Of course, it became more complicated once I relapsed into the eating disorder, because first of all I was grateful for the restrictions – they gave me an excuse not to eat with other people – and secondly I did more damage to my digestive system during the relapse. My emetophobia also threw an extra spanner in the works, because having spent six months of 2007 feeling like I was constantly on the verge of throwing up, I would have done pretty much anything in my power to never feel that way again. I gradually became terrified of reintroducing foods that I had previously cut out.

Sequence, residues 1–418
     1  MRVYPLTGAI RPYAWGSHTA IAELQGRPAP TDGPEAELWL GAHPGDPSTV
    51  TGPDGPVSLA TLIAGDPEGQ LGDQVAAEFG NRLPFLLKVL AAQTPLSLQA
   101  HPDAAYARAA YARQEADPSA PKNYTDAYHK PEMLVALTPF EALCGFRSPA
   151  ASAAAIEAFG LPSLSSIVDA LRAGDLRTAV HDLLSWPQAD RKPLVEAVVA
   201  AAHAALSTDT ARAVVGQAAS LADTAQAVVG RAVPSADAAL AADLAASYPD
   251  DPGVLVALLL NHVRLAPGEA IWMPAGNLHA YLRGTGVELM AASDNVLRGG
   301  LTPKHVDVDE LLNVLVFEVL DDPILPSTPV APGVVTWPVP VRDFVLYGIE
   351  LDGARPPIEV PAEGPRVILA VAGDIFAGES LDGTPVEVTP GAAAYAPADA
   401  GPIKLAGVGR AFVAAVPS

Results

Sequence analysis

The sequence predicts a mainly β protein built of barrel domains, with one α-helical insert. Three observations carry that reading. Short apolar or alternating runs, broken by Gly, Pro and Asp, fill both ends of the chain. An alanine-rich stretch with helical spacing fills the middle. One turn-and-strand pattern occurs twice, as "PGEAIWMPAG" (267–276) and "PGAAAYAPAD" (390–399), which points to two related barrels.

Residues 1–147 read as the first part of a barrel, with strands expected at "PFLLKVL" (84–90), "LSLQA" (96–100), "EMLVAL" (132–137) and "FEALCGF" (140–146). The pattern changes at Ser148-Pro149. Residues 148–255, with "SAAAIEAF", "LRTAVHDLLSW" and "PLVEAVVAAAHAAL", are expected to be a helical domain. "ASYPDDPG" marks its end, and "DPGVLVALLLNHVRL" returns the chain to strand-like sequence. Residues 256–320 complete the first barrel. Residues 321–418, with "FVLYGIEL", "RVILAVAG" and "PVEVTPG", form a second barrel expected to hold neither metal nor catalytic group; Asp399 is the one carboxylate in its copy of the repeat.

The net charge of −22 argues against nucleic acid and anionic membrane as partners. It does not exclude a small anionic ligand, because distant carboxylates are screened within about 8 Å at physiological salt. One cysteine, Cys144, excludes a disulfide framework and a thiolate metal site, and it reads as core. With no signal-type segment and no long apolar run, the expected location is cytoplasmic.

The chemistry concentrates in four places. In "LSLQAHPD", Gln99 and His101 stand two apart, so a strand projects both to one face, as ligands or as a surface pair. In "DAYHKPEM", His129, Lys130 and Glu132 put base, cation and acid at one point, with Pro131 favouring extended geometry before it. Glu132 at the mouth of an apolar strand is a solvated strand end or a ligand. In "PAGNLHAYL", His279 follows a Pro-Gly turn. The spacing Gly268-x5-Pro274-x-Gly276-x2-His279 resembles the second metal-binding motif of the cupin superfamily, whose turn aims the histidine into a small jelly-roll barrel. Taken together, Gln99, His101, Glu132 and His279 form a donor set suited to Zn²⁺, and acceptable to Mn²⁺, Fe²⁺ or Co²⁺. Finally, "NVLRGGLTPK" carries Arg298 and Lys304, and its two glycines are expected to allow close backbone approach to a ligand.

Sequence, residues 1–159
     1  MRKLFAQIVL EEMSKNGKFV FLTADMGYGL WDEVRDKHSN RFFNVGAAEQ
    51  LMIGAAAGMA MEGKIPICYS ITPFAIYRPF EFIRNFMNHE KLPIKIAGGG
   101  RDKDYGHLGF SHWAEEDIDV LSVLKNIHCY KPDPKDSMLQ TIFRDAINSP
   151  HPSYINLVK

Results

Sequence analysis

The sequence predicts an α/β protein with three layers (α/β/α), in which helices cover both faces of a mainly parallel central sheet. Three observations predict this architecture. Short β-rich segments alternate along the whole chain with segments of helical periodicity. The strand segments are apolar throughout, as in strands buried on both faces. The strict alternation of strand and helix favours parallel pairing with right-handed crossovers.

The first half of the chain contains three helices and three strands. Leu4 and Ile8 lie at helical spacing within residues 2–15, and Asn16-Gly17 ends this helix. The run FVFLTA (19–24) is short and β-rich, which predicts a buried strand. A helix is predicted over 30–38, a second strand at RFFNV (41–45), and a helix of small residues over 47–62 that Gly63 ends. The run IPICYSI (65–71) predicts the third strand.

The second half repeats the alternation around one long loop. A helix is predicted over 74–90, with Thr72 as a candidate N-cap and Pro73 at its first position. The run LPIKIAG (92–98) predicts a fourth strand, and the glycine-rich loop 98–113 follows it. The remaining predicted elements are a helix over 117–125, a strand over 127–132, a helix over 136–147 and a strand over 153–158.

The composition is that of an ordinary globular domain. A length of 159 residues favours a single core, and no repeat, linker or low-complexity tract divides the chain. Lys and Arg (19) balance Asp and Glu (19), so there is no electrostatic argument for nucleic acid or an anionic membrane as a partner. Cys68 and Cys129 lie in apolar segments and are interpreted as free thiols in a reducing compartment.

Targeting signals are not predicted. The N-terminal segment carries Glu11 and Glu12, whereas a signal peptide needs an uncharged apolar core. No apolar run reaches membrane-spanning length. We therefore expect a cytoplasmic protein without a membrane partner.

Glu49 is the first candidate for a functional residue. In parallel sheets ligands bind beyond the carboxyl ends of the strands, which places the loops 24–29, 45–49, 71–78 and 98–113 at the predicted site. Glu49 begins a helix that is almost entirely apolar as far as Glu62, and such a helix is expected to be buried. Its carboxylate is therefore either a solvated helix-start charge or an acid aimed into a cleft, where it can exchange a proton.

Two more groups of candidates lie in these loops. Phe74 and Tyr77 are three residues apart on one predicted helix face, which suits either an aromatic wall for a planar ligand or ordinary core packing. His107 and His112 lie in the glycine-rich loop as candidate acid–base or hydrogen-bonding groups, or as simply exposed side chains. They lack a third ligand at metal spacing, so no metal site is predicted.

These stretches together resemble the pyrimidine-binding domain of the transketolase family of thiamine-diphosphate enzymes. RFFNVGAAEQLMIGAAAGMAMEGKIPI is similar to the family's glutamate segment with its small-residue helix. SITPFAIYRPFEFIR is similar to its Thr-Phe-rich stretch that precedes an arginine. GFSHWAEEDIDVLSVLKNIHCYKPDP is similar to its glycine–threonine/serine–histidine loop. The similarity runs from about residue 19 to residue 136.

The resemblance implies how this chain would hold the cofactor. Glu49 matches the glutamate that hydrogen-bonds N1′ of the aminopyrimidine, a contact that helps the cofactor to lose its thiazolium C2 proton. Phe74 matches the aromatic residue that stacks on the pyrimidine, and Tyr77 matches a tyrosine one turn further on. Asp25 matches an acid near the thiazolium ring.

This worked fine while I was ill, but during weight restoration it began to annoy me. One huge frustration was that I was doing everything I could to avoid becoming orthorexic, because I’d seen too many friends decide that they would accept recovery as long as they could gain all the weight on broccoli. Swapping one eating disorder for another is not exactly a route to long term health and happiness, so I wanted to feel free enough to eat anything. I wanted to be able to challenge myself by eating things like pizza and ice cream to prove to myself that I was totally committed to overcoming my anorexia – but of course I had to make do with gluten free pizza bases and vegan cream cheese and ice cream. If I had eaten real ice cream I would have been throwing up and wheezing within minutes, which is hardly conducive to weight gain.